The main reason for the rise of domestic violence is that men at home are taking out their frustration on women. Moreover, much of the domestic labour still gets to be done by women, as men refuse to participate in domestic work. Job loss, salary cuts and an uncertain future arising out of the lockdown has everyone on the edge. It is not confined to the lower classes, but also permeates the middle and upper-middle class working men and women, who see their self-esteem being crushed every day. Women confined within the four walls of the house cannot share their grief with anybody.
Likewise, children are not able to attend school, which adds to the problem as there is no outlet for them. The victims are also scared of complaining to the police because they fear that harassment will increase. In addition to physical violence, common tools of abuse include isolation from friends, family and employment; constant surveillance; strict, detailed rules for behavior; and restrictions on access to basic necessities such as food, clothing, and sanitary facilities. The isolation has also shattered the support networks, making it far more difficult for the victims to get help or escape.
An important reason for this is that where victims previously found space to breathe, whether at work or socially, they are now spending all their time at home with their abusers. Not only in India, but governments all over the world, as the UN report shows, are receiving more and more calls for help, as victims of domestic violence fear for their own and for their children’s health and well-being.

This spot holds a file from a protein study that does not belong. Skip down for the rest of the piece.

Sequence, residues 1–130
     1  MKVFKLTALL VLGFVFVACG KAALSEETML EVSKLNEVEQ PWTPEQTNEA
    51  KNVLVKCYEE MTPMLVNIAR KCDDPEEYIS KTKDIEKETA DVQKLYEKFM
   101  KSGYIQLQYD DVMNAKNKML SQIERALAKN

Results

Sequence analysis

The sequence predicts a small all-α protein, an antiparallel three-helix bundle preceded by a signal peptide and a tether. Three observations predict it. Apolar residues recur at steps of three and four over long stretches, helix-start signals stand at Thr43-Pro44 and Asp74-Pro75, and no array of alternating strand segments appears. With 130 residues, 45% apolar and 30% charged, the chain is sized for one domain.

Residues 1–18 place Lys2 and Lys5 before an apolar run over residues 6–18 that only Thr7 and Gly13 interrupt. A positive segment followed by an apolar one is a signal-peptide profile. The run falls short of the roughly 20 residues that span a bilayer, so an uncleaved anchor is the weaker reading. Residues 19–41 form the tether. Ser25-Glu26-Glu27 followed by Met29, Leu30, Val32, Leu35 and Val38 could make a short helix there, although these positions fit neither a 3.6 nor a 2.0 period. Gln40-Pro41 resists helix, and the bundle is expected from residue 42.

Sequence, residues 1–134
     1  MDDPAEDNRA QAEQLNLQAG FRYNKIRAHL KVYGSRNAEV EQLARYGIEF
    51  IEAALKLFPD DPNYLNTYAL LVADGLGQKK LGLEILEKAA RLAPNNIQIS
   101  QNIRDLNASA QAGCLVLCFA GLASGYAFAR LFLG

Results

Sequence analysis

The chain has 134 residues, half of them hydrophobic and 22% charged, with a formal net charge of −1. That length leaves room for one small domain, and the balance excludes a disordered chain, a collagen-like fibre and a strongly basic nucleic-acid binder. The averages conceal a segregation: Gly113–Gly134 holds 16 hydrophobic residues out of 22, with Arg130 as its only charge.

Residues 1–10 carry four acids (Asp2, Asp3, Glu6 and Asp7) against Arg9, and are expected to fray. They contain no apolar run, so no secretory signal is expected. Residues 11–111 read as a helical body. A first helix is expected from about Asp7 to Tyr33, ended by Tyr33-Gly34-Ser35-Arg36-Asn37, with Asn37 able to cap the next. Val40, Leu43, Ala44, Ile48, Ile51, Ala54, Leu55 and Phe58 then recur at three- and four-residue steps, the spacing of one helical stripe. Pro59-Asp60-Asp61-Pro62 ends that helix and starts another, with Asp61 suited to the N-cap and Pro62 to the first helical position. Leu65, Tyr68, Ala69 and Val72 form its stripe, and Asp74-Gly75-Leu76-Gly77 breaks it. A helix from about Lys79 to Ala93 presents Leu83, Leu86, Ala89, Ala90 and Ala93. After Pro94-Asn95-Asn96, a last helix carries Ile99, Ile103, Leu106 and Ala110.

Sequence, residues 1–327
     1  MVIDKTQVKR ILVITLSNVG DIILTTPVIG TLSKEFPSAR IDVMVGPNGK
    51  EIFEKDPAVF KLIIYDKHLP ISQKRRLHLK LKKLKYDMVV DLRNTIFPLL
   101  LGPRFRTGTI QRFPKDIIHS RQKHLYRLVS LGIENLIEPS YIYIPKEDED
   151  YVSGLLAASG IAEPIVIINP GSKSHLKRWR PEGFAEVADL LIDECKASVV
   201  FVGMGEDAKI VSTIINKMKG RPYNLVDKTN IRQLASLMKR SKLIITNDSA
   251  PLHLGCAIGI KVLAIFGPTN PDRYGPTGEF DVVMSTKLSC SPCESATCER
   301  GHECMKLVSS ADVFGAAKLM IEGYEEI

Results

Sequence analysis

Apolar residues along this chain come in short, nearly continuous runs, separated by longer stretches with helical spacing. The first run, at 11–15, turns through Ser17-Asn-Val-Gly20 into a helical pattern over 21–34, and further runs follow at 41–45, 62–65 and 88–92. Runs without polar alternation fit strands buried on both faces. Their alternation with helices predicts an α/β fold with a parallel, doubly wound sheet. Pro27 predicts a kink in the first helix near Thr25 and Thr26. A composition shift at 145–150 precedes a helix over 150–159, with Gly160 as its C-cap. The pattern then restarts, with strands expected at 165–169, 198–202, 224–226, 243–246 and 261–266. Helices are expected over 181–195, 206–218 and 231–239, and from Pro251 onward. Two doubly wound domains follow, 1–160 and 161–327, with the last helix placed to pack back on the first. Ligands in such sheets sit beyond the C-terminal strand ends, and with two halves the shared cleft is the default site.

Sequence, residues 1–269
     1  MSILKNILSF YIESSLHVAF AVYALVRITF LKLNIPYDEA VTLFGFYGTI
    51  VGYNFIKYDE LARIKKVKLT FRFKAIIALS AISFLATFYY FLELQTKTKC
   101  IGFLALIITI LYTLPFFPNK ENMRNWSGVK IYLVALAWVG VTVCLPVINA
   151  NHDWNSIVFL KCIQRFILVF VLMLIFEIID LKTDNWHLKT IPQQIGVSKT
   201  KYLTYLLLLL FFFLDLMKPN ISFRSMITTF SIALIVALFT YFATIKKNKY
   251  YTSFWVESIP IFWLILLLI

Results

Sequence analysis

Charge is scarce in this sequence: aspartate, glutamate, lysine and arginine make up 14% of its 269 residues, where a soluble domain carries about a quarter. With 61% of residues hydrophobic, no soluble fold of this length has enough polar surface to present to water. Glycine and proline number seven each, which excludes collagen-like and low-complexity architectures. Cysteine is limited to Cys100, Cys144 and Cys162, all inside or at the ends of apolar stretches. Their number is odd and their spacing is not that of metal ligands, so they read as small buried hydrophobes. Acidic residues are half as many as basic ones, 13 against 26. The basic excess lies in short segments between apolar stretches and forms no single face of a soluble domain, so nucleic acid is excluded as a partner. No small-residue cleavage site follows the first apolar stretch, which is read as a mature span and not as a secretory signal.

Emergencies exacerbate domestic violence:
We know that women tend to face greater risks during emergencies, including health disasters such as pandemics. We also know that during times of economic hardship, there is an increase in violent, abusive, impulsive, compulsive, and controlling behavior and aggression directed towards cohabiting partners and romantic partners. This has been widely studied since the time of the Great Depression, and seminal studies have evidence of the destructive effects of unemployment, lost income, and economic hardship on marital conflict, parenting quality, and child well-being.
Women whose livelihoods have been affected by the crisis, might also now be in financial distress—which is one of the barriers to removing themselves from a violent household. Women who might have been saving up money to leave might now have to utilize these savings elsewhere.
1.What could have been done, and what can we do going forward?
When governments start putting together plans to respond to crises such as COVID-19, addressing domestic violence must be prioritized. In India, the government seems to have overlooked the need to formally integrate domestic violence and mental health repercussions into the public health preparedness and emergency response plans against the pandemic.
We need an aggressive nationwide campaign to promote awareness about domestic violence and highlight the various modes through which complaints can be filed. National news channels, radio channels, and social media platforms must be strategically used, similar to the way in which the government has deployed campaigns advocating for physical distancing and hand washing to combat COVID-19.
ACTION TAKEN BY DELHI HIGH COURT:
THE Delhi High Court on April 24 directed the Delhi Government and the Central
Government to ensure effective implementation of the Protection of Women from Domestic Violence Act, 2005 in the wake of the increase in the cases of domestic violence during the lockdown.
A petition filed by the All India Council of Human Rights, Liberties, and Social Justice (AICHLS), detailed the extensive threats to the safety of women, particularly during the lockdown period, when they are locked down with their abuser. The Petition quoted statistics as evidence of this threat. It outlined, In the month of January, they received a total of 1,462 complaints, out of which 270 were cases of domestic violence. In February, there were 302 cases of reported domestic violence. In March, out of 1323 complaints, 302 were cases of domestic violence.
By – Alpesh Kumar